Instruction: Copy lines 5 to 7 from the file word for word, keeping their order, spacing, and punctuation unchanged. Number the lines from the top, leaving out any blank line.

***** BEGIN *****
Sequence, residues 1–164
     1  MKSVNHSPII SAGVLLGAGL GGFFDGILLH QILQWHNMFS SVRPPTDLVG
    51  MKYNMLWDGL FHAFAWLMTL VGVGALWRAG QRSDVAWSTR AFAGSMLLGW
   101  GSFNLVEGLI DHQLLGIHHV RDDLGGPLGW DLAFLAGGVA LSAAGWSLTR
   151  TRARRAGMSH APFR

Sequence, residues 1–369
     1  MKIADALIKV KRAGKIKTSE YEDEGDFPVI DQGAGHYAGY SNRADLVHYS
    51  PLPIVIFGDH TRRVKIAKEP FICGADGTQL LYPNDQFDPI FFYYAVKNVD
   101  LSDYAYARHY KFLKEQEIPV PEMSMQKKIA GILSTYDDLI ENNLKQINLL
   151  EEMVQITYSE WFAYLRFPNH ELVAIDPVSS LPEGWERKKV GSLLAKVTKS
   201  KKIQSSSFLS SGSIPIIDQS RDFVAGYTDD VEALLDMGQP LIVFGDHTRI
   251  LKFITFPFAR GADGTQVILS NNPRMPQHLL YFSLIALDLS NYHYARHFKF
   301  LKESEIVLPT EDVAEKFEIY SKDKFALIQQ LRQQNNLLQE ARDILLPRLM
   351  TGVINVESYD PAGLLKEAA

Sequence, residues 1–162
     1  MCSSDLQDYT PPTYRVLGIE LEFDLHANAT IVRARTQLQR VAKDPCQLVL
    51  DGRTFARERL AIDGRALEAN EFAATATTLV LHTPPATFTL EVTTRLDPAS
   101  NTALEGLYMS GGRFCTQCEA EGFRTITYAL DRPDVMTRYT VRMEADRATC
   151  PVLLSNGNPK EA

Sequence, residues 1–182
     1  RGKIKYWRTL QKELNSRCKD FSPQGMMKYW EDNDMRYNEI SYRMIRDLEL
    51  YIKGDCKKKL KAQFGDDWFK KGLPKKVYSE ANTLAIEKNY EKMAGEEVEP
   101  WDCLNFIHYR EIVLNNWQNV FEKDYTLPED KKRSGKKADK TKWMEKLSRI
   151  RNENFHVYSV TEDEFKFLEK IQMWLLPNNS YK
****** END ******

   151  TRARRAGMSH APFR

Sequence, residues 1–369
     1  MKIADALIKV KRAGKIKTSE YEDEGDFPVI DQGAGHYAGY SNRADLVHYS